What does this mean for social media? 

Facebook and other social media outfits have updated their privacy policies to comply with the legislation. They will face much greater scrutiny from European regulators, particularly with respect to data harvesting and information stored on users aged under 16.

The idea that social media companies own the photos and profile information posted on their websites is thoroughly rejected by the GDPR. Companies must now have users’ clear permission before receiving their personal data or selling it on to third parties.

GDPR will not, however, have retroactive impact. This means that the 87 million Facebook users who saw their data harvested during the US presidential and Brexit political campaigns during the Cambridge Analytica scandal cannot take legal action under the GDPR. Had the rules been in place before, Facebook would likely have been fined billions of dollars for its complicity in data harvesting.  

What do business leaders think?

Business leaders steeped in a strong anti-regulation philosophy are widely opposed to GDPR. PayPal co-founder Peter Thiel has accused the EU of cracking down on Silicon Valley out of ‘jealousy’ because there are no giant tech firms in Europe. Other leaders are more positive and say GDPR has encouraged them to clean up their electronic records.

However, much of the business community remains in the dark about what GDPR means for them. More than half of affected companies are believed to be unsure what steps to take to comply. Some haven’t even heard of GDPR.

Yet the financial costs for non-compliance are huge. Regulators have the ability to fine companies €20 million or up to 4% of their global revenue, whichever is larger. This would amount to $7 billion for Amazon, or $1.6 billion for Facebook and likely cripple most smaller businesses.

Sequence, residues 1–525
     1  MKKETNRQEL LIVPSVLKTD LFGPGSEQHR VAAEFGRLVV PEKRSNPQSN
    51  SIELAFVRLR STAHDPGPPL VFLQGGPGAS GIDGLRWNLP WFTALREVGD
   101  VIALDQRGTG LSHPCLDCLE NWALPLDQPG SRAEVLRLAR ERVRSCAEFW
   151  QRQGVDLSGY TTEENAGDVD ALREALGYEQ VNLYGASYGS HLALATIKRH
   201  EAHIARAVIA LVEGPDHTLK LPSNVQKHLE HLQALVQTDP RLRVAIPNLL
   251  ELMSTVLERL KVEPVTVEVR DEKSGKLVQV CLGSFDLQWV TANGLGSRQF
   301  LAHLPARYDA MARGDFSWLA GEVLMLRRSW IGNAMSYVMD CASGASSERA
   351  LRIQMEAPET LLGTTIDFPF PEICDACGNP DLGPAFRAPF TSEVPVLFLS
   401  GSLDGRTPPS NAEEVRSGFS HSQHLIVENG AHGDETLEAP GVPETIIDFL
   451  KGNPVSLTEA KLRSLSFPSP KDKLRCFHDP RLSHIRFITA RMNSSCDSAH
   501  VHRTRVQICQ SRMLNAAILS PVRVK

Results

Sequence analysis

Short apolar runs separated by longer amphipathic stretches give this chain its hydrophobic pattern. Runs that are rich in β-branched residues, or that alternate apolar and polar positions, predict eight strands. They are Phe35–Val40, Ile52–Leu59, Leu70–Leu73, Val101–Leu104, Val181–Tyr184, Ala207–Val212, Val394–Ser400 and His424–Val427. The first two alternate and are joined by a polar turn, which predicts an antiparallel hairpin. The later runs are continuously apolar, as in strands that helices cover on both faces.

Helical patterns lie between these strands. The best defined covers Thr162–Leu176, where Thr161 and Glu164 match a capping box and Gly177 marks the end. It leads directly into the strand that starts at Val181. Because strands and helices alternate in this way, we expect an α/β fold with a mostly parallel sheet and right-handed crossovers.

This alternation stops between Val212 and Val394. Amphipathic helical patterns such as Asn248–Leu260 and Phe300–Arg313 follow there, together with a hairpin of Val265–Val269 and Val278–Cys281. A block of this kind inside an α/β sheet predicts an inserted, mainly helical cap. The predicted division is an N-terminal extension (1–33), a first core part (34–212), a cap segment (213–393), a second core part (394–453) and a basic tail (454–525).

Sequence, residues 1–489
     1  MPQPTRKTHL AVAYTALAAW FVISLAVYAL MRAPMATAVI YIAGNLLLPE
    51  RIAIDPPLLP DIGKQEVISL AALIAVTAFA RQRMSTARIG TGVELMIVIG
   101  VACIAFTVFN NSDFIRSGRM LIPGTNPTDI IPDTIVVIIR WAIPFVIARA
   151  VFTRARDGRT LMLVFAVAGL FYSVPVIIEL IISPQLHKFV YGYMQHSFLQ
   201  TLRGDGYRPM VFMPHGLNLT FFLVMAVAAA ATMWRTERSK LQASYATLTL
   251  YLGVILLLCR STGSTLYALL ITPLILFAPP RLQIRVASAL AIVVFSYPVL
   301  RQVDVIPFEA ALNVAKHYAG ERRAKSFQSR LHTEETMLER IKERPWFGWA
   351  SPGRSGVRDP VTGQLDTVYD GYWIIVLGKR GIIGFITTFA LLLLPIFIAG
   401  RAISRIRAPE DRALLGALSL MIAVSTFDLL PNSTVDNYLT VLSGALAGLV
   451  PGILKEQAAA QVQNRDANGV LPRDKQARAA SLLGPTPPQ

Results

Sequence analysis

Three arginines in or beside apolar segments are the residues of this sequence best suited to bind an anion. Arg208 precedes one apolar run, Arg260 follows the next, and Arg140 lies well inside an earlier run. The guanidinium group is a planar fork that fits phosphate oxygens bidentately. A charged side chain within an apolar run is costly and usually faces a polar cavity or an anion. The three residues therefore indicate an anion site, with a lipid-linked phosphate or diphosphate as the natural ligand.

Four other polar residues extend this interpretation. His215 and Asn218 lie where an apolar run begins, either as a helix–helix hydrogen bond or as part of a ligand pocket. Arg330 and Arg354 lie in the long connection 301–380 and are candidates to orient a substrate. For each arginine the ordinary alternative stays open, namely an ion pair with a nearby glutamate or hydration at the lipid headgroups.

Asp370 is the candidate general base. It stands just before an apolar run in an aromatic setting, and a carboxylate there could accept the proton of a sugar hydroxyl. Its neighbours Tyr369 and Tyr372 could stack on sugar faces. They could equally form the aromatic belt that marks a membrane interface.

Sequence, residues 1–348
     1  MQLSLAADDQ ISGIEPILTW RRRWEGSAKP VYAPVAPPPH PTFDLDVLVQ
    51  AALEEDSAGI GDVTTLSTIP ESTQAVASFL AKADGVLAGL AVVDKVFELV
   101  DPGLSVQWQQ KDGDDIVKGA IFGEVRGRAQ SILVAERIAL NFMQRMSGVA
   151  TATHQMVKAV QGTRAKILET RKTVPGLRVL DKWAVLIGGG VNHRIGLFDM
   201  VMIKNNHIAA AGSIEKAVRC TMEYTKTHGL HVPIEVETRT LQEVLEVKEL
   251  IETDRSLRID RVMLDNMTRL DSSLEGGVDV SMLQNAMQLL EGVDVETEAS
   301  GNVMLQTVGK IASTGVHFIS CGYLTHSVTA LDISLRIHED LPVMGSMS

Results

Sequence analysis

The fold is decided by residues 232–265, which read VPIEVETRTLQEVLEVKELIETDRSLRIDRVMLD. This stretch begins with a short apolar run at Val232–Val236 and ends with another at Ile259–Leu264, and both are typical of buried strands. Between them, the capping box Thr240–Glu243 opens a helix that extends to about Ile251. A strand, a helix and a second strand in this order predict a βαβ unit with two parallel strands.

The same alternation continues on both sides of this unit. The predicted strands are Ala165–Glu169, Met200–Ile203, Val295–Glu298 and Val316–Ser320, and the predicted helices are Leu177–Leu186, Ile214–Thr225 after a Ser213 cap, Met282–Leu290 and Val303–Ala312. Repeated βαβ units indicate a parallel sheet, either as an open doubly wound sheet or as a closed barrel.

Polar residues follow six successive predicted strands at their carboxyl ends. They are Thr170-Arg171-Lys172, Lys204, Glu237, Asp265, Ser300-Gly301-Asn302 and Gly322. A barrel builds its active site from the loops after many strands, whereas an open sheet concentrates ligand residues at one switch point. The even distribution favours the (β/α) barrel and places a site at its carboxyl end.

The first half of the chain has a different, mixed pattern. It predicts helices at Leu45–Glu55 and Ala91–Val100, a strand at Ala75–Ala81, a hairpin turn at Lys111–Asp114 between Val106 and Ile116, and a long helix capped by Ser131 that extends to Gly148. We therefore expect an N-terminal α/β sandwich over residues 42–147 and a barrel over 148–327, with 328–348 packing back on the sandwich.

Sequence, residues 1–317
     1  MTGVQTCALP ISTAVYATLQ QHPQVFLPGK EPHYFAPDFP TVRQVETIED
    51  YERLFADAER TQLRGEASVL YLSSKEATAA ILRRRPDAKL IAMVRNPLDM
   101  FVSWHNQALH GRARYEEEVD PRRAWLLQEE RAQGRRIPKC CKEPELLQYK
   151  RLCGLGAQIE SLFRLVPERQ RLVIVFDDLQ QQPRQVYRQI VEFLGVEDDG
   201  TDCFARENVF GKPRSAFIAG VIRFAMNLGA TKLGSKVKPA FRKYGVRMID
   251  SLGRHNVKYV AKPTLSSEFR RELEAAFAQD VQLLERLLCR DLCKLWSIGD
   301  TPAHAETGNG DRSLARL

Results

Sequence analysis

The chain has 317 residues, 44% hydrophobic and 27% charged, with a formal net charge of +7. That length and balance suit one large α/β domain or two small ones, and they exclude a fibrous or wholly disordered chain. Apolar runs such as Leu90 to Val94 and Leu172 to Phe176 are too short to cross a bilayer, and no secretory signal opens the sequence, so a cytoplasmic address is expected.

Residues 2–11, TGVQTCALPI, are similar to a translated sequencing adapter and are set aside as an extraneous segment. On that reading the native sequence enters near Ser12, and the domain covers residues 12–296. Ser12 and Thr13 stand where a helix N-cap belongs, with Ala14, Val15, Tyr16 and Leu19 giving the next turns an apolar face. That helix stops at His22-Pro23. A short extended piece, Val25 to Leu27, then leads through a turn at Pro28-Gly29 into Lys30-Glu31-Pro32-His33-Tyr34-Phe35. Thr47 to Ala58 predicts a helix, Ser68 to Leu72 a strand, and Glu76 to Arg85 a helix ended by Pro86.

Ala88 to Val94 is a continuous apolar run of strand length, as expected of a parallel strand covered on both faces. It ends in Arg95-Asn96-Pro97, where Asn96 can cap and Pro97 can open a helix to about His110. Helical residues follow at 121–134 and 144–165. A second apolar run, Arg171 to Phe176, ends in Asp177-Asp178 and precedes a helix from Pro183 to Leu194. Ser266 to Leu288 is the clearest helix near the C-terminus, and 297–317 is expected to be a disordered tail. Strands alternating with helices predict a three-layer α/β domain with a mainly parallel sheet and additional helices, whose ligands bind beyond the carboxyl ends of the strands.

Will it work?

This is the billion dollar question. Critics argue the GDPR is an expensive bureaucratic burden placed by EU regulators on businesses which will discourage innovation. There is also concern that in the era of Big Data and Artificial Intelligence the law could hurt Europe’s competitiveness  

Optimists believe the GDPR could herald a new era of consumer control by shifting the balance of power away from corporations. In this view the rest of the world will follow the example set by the GDPR to create a harmonised data regime and a new contract between people and companies based on transparency and consent.

An interesting final question is how many people care? A survey of UK consumers found that around half would consider using GDPR to demand Facebook remove old or embarrassing photos from its server. But the general consensus is that people are quite happy for their data to be stored, regardless of legal questions of consent, if it gives them quick and easy access to social media and their favourite products.

Photo: Shutterstock